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Raising the Voices of Migrant Workers in Malaysia

Glorene Das – Malaysia


This story is part of the series We are human rights changemakers to celebrate Equitas’ 50th anniversary (#Equitas50). All through 2017, we invite you to discover stories of 50 inspiring human rights changemakers. These are but a few of the hundreds who have changed lives around the world through human rights education with Equitas’ support.


When Glorene entered the office of Tenaganita, a Malaysian NGO that promotes the rights of migrant workers and refugees, she knew nothing about human rights. “During my first week, I had to spend time at the library to learn what human rights meant. I had never related to the migrant and refugee population before.” What Glorene didn’t know at the time was that her understanding was about to change drastically—their fight would soon become hers. 

“What we are fighting to change with Tenaganita is the treating of migrant workers like commodities. The workers should be treated as human beings, deserving basic rights.”

Malaysia has one of the fastest-growing economies in South-East Asia, with a population of approximately 30 million people. The economic situation of the country makes it appealing to the surrounding countries, where large parts of the population are seeking a better life. It is estimated that migrants constitute between 20% and 30% of the country’s workforce. In the fields of manufacture, domestic work, agriculture and construction, the percentage is even higher. “No locals want these jobs, calling them the 3D’s, which stands for dangerous, dirty and difficult.”  

In 2001, Glorene had the chance to participate in Equitas’ International Human Rights Training Program (IHRTP) in Montreal.

“Equitas taught me nearly everything I know about the United Nations conventions, international law and how to use these mechanisms to protect the communities I work with,” Glorene says. 

Glorene now uses the skills she learned in the IHRTP while training volunteer lawyers to work with her organization on cases of migrants. Last year, her team was able to follow 249 cases at the court. 

The typical cases involve migrants working long hours without days off, unpaid wages, withholding of passports and poor living conditions. Glorene explains that not all violations and complaints go to court. “The problem of documentation is important and power is in the hands of the employer who takes advantage of the vulnerabilities of these people—and specifically women.” Still, she is very proud of their work and their gains by negotiating with the perpetrators. Last year, they were able to get back almost half of a million dollars in compensation for the migrant workers.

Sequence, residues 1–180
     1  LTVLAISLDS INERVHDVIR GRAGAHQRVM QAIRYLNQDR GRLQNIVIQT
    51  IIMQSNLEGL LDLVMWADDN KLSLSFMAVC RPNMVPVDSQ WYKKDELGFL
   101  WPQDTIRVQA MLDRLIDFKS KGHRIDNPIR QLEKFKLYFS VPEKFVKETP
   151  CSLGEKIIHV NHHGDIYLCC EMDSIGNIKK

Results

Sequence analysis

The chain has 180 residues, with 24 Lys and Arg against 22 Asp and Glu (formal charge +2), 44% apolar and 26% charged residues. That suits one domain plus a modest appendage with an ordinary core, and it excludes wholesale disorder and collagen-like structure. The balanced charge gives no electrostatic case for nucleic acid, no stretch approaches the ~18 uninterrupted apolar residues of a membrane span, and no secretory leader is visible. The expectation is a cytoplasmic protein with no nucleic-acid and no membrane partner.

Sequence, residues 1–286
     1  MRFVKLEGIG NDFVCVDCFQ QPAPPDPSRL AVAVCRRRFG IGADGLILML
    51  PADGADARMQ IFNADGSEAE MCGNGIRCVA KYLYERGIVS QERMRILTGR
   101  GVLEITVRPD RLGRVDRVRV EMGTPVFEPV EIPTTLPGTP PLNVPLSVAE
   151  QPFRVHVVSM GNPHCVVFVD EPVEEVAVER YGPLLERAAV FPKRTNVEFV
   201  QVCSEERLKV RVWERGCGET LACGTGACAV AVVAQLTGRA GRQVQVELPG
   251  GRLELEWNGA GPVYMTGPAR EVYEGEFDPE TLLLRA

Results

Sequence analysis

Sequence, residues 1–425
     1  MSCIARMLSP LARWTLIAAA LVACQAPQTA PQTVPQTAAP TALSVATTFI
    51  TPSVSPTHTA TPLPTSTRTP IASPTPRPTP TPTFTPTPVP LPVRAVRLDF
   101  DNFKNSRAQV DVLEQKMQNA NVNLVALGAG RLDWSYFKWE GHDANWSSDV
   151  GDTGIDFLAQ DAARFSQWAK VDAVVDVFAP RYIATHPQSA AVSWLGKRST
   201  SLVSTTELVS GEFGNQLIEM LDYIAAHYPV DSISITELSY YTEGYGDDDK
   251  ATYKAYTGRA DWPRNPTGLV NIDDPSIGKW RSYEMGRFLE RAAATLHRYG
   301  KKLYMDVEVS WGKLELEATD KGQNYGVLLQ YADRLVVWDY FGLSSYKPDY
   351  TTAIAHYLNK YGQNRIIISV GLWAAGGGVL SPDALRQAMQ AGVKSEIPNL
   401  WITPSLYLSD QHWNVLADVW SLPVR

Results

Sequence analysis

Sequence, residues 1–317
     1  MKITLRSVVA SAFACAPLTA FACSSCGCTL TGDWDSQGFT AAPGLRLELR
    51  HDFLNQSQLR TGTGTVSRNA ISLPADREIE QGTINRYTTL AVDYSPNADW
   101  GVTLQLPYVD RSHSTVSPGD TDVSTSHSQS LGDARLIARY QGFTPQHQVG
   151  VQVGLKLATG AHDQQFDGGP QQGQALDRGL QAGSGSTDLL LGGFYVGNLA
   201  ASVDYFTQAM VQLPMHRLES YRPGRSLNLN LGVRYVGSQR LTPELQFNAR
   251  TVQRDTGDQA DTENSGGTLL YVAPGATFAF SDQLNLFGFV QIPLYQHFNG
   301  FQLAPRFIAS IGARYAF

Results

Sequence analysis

Another important part of Glorene’s work, now the Executive Director of Tenaganita since 2014, is advocacy. What she dreams for Malaysia is a policy to legally protect workers coming from foreign countries. “The more Malaysians are informed about the conditions the migrant workers live in our country, the prompter they are ready to support the cause and push the government to give them more rights.” This is why she often appears in the media to talk about these issues and denounce the injustices these workers endure. 

One of the reasons her organization is focusing on women and girls is because they are the most vulnerable to sexual and physical abuse and human trafficking. “Migration has a woman’s face.” Tenaganita now has two shelters that provide support for the survivors of these terrors. The NGO has created a safe space for them to develop their skills, and to reintegrate into their communities or home countries. 

Glorene travels a lot to push the agenda of migrant workers and refugees nationally and internationally, but she is still personally connected to these survivors. And despite her busy schedule, she takes the time to accompany the women to court, and shares her warmth in the pursuit of equality and justice. 

Executive Director, Tenaganita Women’s Force, Malaysia
Equitas’ International Human Rights Training Program Alumni, 2001 

Story prepared by Paule Portugais-Poirier, Intern Writer, Equitas. 


Equitas’ International Human Rights Training Program is undertaken in part with the financial support of the Government of Canada provided through Global Affairs Canada.

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